Perhaps this prevalence of fear-mongering based upon strange theological interpretations which has become rather mainstream amongst clergy of late is why a friend told me when he reads stories like the CPL class he no longer has any confidence in the bishop to even bother contacting him.  His instinctive reaction is to yank his children out of Catholic school to protect them from this kind of irrational thinking.

With the Vatican finally forcing convicted criminal Bishop Finn to resign, I wonder how warm Pope Francis will be to Fr. Fear-monger's antics?

As an aside, Ann Arbor is home to the University of Michigan, rival school to Michigan State University and The Ohio State University.  It's a very affluent place with a high concentration of academically gifted people.  The crime rate is pretty low unless you consider trash talking rival schools a felony.  And, even if you do, I don't know that it warrants use of a gun in response.

Finally, I don't have time to record this but Fr. Ed inspires me to re-write lyrics to a popular hymn, "Be Not Afraid."  Perhaps I'll call it "Be Quite Afraid."

You shall cross the barren desert but you shall not cross unarmed
You shall wander far in safety only in your fantasies
You shall speak your words in foreign lands and shoot those who don't understand
You shall see the face of God in your ammo

Be quite afraid
I go before you but you
Still need to pack
'Cause I ain't got your back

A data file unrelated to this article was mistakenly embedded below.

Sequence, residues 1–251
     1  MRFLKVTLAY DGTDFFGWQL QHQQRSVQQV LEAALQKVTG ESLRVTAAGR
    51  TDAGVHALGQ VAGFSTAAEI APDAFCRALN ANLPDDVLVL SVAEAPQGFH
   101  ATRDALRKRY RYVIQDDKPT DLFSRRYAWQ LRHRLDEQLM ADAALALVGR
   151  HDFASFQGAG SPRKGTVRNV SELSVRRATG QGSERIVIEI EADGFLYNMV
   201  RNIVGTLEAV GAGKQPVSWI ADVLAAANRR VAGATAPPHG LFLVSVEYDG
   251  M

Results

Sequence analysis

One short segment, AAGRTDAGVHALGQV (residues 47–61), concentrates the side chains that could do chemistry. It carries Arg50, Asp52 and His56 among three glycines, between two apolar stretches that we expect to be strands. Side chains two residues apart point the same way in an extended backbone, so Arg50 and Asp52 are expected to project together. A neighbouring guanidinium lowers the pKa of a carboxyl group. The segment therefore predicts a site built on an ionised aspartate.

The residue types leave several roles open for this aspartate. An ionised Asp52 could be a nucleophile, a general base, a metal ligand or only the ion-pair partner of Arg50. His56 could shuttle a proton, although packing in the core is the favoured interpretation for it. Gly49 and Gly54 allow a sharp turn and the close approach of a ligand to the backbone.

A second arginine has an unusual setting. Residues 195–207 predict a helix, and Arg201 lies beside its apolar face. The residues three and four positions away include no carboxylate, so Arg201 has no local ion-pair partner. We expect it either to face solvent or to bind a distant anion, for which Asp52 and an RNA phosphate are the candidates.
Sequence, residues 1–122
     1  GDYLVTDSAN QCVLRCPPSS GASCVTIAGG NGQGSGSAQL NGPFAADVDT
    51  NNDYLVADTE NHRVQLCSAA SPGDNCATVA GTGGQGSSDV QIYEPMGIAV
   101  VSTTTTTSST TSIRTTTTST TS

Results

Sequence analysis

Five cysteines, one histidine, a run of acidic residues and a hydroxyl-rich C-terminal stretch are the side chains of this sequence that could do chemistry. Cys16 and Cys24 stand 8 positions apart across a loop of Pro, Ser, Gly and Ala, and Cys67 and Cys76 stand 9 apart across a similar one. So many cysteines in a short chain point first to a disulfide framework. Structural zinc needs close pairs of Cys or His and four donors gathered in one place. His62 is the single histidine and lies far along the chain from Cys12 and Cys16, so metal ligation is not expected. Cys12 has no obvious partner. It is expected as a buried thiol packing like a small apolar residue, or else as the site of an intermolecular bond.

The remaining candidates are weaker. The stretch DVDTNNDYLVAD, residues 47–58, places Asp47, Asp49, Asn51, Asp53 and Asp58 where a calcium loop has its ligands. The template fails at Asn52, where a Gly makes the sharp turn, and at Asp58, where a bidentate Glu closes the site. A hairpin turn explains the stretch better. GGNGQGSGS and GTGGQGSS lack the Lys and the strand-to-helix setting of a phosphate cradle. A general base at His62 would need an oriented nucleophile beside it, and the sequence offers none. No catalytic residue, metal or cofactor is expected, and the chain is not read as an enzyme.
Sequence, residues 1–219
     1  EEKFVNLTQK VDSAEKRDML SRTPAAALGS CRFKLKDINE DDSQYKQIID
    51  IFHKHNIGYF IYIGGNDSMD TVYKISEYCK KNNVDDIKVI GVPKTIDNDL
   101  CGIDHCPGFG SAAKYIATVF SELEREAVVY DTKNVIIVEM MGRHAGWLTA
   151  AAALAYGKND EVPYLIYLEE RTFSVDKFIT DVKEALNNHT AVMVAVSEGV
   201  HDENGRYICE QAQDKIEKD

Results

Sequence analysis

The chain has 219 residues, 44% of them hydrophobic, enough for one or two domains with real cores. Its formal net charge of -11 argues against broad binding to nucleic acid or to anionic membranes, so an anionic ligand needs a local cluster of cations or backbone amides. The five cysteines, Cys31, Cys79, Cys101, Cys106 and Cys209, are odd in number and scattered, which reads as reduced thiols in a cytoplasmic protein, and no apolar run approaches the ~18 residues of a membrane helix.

Saturday, March 28, 2015

The Vatican acts...

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I have been remiss in not acknowledging the Pontifical Council on Culture’s change in artwork for its outline document on women’s culture.  Without fanfare, explanation or apology, the council switched the cover art a few weeks ago.   We may never know what swayed the seemingly recalcitrant Pontifical Council leader, Cardinal Ravasi…  Was it the uber-orthodoxy’s concerns about female nudity or those expressed about female bondage conveyed by Man Ray’s “Venus Restored,” their original cover art choice, that tipped the scales?

I waited to write about this because I’m still uncertain if the new artwork is an improvement or not.  Instead of a nude, headless woman’s torso in ropes, the report cover now sports Petrus Christus’ 15th century painting, “Our Lady of the Dry Tree.”  Yes, it is now the Virgin Mary…the clergy’s default, prevalent, unrealistic image of women.  Instead of celebrating the councils’ action, I shook my head and sighed at the predictability: women were first portrayed as naked “T & A” and then as the Virgin Mary.

Many if not most clergy imprison themselves to seeing women as either a virgin or a whore with no middle ground in how they identify women.  Therefore, I’m not surprised that their mental limitation manifested itself in their art choices.  Should we call it a “win” that they didn’t leap to the Marian image first?

However, their mental limitations also manifested themselves via their writings.  The council’s working document speaks about the body as a key factor in one’s identity.  It continues by describing feminine identity thusly: “So the feminine identity is the point of convergence of daily fragility, of vulnerability, mutability and multiplicity between emotive interior life and exterior physicality.”

Putting this in everyday language, the council believes that feminine identity is a combination of being fragile (on a daily basis), being vulnerable, being changeable, and being varied … all intermingled between internal emotions and external physical appearance.  I’m not sure if using less academic language helps in the statement’s understandability.  But it perhaps helps one determine if the statement reflects a convergence of the clergy’s daily misogyny, pseudo-chivalry, immutability, and hegemony harbored in their interior thoughts and manifested in their exterior actions more than it describes feminine identity.